Why there are lots of Disallow rule in robots.txt?

Does it prevent indexing in the SERPs?

  • Never.

Why does this happen?

What best can be done?
Please allow editing of the robots.txt file, we will do our best. :wink:


Disallow: /auth/cas
Disallow: /auth/facebook/callback
Disallow: /auth/twitter/callback
Disallow: /auth/google/callback
Disallow: /auth/yahoo/callback
Disallow: /auth/github/callback
Disallow: /auth/cas/callback

These pages don’t work unless you are logged in, so it makes no sense for spiders to crawl them. They’ll just get an error if it tries.

Disallow: /assets/browser-update*.js

I think this is working around a bad habit Firefox has of overeagerly re-downloading Web Workers.

Disallow: /users/
Disallow: /u/

Because they’re infrequently read by humans, black hat SEO people like to spam forum user profiles. Discourse blocks user profiles in order to disincentivise it.

Also, user profiles contain excerpts of the posts, but we don’t want the search engines linking there. They should be linking to the actual posts.

Disallow: /badges/
Disallow: /search
Disallow: /search/
Disallow: /tags
Disallow: /tags/

These pages don’t have a noscript version, so they just get empty responses. Try visiting https://meta.discourse.org/badges/?_escaped_fragment_=1

Disallow: /email/

I dunno. Does it even exist any more?

Disallow: /session
Disallow: /session/
Disallow: /admin
Disallow: /admin/
Disallow: /user-api-key
Disallow: /user-api-key/
Disallow: /*?api_key*
Disallow: /*?*api_key*

Again, these don’t work without being logged in anyway, and spiders can’t log in.

Disallow: /groups
Disallow: /groups/

Again, need javascript to view these pages.

Disallow: /uploads/

Don’t want spiders shoveling down huge images, or ending up hotlinked because somebody found it in an image search. This rule stops working if you turn on a CDN, by the way.


That’s not the only reason; the user profiles are all duplicate data, in that your posts and topics are visible on… the topics themselves, which are the focus.


Maybe we could replace this way for some paths

  • First, Allow Bots to see the link

Allow: /u/

  • Then, set X-Robots-Tag "noindex, follow"

Why? This will actually prevent indexing.

Ref: Robots meta tag, data-nosnippet, and X-Robots-Tag specifications

Indexing the page isn’t a problem. If Bing thinks I’m looking for your user profile, and offers up a link to it, that’s perfectly fine. The reason they’re blocked in robots.txt is because the page contains text and links that are likely to be misleading.


“duplicates” would be a much more accurate statement here.


What if we …

Step 1. Allow crawling path /u/
Step 2. set noindex, follow header for path /u/
Step 3. Restrict profile access to logged-in users

If something is restricted to logged in user means bot cannot access it. Hence, it is already prevented from duplicate text concerns. Still, why disallow for path /u/?

Why do you think it would be better to use a noindex header instead of robots.txt? The goal of blocking search engines is not to prevent them from returning user profiles as search results, it’s to prevent them from reading the contents of the user profiles (because the contents of the user profiles are duplicates of other pages and/or spam).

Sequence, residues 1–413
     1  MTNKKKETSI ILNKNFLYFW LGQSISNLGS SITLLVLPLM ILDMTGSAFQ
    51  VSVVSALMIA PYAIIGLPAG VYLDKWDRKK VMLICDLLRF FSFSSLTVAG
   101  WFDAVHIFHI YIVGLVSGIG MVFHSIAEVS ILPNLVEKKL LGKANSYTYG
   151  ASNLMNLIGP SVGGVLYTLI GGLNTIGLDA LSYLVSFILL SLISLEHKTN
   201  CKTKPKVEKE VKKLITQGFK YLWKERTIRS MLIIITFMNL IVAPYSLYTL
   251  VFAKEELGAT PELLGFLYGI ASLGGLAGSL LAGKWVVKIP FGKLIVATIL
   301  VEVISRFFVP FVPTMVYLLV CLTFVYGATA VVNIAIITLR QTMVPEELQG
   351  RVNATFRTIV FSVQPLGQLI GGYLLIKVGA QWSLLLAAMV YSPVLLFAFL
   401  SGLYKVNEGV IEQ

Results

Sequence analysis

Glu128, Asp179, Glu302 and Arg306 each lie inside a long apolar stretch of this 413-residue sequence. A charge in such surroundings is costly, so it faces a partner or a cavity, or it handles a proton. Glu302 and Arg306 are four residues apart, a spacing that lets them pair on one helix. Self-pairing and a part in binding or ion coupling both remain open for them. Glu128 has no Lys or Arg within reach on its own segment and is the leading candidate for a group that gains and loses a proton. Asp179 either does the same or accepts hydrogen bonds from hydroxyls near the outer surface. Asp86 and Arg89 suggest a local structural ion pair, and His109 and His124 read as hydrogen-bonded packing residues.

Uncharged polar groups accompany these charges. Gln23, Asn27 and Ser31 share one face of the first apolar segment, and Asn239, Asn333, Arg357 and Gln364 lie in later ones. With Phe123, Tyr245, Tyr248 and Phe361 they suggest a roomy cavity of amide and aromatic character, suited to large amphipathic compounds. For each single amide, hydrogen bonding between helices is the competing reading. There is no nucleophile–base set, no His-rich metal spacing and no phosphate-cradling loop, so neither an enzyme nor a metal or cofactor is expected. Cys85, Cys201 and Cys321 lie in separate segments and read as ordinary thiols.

Because that is a right way to preventing indexing.

Because Google doesn’t recommend using disallow rule to handle duplicate content.


But, two-three times they have mentioned about noindex.

Why are you posting screenshots of text? Guess what is also very bad for searchability? Pictures of text…

So your point seems to be this – which I had to TYPE IN FROM YOUR SCREENSHOT instead of being linked like a regular link:


You can prevent a page from appearing in Google Search by including a noindex meta tag in the page’s HTML code, or by returning a ‘noindex’ header in the HTTP request. When Googlebot next crawls that page and see the tag or header, Googlebot will drop that page entirely from Google Search results, regardless of whether other sites link to it.

:warning: Important! For the noindex directive to be effective, the page must not be blocked by a robots.txt file. If the page is blocked by a robots.txt file, the crawler will never see the noindex directive, and the page can still appear in search results, for example if other pages link to it.

Which means user pages are still kinda present in Google’s indexes though they would never appear as hits for any actual search terms.

How is this a problem? Give me a valid search term with actual search keywords that produces a user page.


The first result, just for searching homepage URL.


No repro here on meta

1 Like

I appreciate your case-study.

However, In my case, it’s different. If there were noindex tag, my case might be different.

I’ll ask again:

I do not consider “type the full domain name into a search box” a valid search.


Another one, please consider now.

In Google – Bing is terrible, and has almost no market share.

Also, you just searched for your own login name. Returning the user profile seems like a correct result to me.


Unfortunately, the Search Engine Bing powers many other small SE. So, it reflects same results there. I learned this thing from Bing, after keeping it noindex for a year. I found, other SE also stopped showing results because I had done noindex at Bing.

Maybe, Bing has a small market share, but its impact on small SE :frowning:

If you feel strongly about it, you can write a plugin to change the behavior. I see no value in spending any effort on this, other than you typing your name into Bing.